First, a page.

Due to the coronavirus pandemic, we’re all currently living in unprecedented times. The COVID-19 virus has pressed pause on trials and hearings across the country.
While this may have initially delayed your divorce or family law case, it doesn’t have to continue.
Many may have believed going to trial was their only option, but some alternatives should be considered for all parties involved.
The best part is that all of these can be achieved virtually, and both parties can continue to safely social distance at home.
When Should I Go To Trial?
Under normal circumstances, choosing the route of litigation is often costly and time-consuming. At best, your divorce may take a few months, and at worst it could take years.
With the pandemic raging around us, countless trials have been put on hold, and many more will be added once the pandemic has ended.
If you’ve litigation as an option, each party can present their case to the judge. You’ll need to share all the details of your life, such as finances, property, and discuss the children.
The judge will rule on matters such as child support, custody of your children, and any other relevant decisions that will be made. While divorce is never an easy matter, other options can be more beneficial to your family and make the process easier for all involved.
If a couple wishes to avoid airing it all in court, perhaps a settlement may be the alternative they need. During a settlement, the couple will negotiate the terms they will both agree to in the divorce.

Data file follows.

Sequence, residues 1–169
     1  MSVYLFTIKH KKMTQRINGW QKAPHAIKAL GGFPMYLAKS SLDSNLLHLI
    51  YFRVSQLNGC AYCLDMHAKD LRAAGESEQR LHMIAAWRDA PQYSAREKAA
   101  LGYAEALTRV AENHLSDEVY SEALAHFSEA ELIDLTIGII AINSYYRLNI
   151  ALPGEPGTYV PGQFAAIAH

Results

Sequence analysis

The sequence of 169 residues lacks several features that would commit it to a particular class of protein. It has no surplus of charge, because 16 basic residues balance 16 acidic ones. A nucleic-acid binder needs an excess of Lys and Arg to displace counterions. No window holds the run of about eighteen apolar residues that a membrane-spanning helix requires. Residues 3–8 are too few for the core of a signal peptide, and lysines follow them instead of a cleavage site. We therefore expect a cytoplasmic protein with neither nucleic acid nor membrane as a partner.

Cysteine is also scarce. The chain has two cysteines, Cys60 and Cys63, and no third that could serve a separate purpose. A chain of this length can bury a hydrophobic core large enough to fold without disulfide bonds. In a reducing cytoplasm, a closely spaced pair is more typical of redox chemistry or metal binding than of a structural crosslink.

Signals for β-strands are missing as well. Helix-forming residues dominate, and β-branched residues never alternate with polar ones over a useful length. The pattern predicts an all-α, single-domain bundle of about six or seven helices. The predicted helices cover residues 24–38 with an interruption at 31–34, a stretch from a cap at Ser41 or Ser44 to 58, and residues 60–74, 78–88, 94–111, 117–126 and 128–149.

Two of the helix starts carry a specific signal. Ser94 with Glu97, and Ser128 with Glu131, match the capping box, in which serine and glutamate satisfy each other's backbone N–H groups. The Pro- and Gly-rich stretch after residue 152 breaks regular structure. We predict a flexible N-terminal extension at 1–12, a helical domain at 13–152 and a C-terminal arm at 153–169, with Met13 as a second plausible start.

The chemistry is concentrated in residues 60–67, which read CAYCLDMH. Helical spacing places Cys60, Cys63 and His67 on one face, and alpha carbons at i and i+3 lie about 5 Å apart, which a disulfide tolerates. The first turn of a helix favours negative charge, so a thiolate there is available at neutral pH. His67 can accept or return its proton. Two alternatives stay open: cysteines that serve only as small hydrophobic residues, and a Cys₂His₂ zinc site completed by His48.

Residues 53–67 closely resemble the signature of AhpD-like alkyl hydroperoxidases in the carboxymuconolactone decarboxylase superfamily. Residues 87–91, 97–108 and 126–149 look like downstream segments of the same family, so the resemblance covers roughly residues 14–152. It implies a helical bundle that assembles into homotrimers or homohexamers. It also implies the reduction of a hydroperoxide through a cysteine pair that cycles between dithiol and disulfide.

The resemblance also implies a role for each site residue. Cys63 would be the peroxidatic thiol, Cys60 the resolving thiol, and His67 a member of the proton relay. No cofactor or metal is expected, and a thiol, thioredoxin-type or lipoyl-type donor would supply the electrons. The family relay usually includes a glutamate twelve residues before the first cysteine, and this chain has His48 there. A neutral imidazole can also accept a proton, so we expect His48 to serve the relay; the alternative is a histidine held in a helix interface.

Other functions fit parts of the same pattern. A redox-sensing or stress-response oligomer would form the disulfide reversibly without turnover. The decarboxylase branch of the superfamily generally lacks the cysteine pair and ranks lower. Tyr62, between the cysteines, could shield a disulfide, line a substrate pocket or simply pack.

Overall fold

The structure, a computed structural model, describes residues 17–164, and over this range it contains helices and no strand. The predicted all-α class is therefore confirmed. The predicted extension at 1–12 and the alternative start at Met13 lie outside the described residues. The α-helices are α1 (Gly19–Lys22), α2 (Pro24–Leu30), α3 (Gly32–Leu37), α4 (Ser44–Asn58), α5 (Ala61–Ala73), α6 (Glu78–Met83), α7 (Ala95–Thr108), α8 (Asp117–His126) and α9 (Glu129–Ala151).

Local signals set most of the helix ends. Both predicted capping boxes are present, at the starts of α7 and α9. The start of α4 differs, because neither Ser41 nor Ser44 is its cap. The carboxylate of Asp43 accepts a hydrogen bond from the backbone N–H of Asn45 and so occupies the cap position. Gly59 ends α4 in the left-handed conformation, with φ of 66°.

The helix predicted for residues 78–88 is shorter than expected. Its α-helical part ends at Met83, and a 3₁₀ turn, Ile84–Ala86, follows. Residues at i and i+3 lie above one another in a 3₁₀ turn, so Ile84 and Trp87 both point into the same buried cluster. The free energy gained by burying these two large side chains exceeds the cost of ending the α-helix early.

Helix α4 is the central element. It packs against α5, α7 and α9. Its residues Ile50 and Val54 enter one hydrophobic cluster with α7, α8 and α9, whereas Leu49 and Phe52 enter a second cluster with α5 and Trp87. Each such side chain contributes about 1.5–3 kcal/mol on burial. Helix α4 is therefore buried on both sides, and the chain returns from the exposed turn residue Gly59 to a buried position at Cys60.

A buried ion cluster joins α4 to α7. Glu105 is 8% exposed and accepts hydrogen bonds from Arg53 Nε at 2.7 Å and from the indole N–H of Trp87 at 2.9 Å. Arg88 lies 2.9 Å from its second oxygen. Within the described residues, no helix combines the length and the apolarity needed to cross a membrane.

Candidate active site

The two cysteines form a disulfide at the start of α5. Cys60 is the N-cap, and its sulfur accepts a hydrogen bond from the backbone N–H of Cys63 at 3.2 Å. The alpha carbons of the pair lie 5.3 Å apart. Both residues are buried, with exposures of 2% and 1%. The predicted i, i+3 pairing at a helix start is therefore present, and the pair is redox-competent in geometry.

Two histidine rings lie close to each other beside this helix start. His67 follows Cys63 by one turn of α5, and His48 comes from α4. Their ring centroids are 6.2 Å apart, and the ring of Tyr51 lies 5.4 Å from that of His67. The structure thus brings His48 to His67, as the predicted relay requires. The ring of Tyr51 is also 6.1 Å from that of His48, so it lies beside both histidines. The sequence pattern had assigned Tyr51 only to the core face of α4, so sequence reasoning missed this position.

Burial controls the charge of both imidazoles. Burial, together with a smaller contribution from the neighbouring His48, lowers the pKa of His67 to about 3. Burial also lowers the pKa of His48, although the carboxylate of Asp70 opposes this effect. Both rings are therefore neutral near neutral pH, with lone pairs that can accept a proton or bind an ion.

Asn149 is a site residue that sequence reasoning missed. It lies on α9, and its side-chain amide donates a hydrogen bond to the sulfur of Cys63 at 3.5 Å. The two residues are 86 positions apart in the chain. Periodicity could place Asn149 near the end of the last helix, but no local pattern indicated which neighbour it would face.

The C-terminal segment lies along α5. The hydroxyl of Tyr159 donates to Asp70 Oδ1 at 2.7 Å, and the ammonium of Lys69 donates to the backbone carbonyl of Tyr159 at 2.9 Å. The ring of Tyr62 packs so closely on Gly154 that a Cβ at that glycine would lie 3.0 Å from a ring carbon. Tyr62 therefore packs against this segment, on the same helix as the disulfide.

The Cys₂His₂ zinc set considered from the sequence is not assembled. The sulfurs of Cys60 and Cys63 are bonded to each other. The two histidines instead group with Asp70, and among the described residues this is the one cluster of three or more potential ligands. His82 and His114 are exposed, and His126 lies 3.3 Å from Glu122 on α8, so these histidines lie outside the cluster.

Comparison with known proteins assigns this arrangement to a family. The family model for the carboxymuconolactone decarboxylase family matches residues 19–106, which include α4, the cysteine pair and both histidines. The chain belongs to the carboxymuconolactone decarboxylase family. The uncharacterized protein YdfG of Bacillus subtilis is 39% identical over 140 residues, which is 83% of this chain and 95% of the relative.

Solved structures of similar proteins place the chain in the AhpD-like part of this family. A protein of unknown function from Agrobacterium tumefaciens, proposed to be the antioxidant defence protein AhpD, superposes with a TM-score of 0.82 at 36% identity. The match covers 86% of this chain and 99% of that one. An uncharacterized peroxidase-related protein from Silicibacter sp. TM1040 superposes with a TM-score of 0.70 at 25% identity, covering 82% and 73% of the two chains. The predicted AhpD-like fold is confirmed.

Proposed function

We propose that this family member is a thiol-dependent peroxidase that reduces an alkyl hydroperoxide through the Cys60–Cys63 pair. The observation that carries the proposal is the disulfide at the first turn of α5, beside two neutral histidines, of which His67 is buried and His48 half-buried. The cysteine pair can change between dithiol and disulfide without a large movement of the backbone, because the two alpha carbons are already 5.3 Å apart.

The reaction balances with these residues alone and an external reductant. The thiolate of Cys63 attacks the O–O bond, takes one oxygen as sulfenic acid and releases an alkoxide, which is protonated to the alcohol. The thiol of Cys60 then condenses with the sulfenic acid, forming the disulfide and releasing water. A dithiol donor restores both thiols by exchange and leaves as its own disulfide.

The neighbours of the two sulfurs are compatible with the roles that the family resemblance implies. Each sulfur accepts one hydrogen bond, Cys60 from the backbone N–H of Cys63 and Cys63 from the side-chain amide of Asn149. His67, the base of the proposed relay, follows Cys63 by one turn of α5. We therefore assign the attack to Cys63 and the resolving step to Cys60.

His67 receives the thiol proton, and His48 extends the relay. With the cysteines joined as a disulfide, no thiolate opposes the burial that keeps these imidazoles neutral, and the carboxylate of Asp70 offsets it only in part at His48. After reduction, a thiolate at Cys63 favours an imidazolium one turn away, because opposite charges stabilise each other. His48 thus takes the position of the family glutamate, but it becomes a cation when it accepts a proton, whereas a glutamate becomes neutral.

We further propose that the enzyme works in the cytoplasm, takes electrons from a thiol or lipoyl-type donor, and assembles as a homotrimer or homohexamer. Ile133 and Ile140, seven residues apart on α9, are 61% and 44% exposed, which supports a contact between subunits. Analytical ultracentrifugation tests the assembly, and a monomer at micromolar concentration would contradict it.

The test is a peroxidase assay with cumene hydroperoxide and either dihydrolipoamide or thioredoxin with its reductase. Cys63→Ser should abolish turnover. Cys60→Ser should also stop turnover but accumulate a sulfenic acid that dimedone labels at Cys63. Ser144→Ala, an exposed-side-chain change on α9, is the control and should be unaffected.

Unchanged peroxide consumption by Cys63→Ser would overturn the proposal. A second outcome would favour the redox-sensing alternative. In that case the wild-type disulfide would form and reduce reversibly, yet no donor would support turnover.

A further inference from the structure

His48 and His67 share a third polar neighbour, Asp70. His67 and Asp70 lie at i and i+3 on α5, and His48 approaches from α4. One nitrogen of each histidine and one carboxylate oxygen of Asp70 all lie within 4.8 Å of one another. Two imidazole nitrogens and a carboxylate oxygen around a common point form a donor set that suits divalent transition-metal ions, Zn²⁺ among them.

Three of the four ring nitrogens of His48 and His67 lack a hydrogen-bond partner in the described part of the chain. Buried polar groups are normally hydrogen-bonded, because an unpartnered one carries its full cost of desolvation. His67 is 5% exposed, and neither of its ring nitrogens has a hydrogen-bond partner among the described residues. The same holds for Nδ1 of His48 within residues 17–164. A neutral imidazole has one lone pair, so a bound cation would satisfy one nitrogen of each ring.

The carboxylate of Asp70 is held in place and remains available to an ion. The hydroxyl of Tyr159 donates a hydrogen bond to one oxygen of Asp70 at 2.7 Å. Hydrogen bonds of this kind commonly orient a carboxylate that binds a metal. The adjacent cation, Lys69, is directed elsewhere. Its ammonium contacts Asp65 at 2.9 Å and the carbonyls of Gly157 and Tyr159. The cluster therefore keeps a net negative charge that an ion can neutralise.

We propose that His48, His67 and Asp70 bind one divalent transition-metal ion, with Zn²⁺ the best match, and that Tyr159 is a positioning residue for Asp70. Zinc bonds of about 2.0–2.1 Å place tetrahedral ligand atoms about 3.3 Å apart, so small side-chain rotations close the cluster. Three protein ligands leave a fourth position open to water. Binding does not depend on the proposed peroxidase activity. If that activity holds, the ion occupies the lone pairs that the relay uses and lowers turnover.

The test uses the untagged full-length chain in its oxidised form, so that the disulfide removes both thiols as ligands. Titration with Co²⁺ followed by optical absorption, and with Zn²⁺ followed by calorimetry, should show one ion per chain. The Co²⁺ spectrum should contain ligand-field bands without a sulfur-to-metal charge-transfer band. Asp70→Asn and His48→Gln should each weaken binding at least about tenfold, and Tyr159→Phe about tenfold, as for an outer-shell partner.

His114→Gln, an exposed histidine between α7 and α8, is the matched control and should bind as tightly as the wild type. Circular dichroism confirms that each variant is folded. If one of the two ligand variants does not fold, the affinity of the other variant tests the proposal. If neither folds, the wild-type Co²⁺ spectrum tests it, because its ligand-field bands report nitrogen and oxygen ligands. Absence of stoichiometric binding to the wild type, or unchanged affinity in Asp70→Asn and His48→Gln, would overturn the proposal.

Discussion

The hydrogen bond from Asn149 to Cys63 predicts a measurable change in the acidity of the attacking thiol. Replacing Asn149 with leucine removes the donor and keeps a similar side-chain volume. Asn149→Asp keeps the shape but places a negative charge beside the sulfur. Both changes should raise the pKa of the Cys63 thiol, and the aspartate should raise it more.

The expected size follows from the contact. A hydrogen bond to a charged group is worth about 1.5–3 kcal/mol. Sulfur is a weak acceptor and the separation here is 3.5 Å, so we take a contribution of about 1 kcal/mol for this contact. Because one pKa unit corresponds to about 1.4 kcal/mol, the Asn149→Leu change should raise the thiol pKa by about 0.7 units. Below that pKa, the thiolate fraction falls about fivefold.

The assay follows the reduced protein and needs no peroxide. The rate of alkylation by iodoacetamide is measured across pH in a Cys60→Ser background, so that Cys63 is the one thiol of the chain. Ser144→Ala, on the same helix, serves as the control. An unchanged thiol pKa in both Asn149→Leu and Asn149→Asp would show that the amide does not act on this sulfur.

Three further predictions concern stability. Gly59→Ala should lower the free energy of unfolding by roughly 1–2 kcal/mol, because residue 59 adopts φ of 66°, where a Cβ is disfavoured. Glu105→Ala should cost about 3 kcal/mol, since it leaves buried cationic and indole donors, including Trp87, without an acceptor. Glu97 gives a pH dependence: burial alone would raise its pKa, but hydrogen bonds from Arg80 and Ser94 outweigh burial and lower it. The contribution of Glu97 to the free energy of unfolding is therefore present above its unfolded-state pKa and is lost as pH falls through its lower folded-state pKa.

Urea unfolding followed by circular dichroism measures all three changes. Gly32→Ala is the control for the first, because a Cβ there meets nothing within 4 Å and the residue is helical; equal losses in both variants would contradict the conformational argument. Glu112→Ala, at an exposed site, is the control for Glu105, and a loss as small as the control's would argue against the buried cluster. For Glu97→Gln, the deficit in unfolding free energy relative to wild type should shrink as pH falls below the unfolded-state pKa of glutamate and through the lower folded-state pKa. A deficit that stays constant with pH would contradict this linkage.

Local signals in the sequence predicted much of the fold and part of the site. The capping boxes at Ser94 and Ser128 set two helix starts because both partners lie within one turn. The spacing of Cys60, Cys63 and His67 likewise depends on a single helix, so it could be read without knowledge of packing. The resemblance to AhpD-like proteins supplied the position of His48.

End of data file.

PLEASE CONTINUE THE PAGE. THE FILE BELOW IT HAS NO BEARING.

The attorneys involved will help to facilitate the issues of the case to have discussions where you both agree on the outcome. This discussion will happen outside of court, and the final agreement will be submitted to the court to be reviewed.
Arbitration is often chosen as when a couple has matters that need to be disputed, but they wish to settle out of court. During this process, the arbitrator can act as a judge and have the final say on the issues at hand. This arbitration process is also more private than litigation and gives the couple the choice to pick who the arbitrator will be.
Meditation brings in a neutral party to help those involved settle their differences and come to an agreement. This mediator helps to facilitate discussion between the two parties.
They are focused on the actual needs and facts of the case rather than the emotions involved on either side. If the discussion is successful, they can then draft a settlement agreement that is approved by either party.
The collaborative case is when both parties agree to settle their case outside the courtroom right from the start. They work with an attorney trained in collaboration to assist in various areas of the divorce. Collaboration is for couples who are willing to settle issues outside of court and would like to minimize any issues inflicted on their family.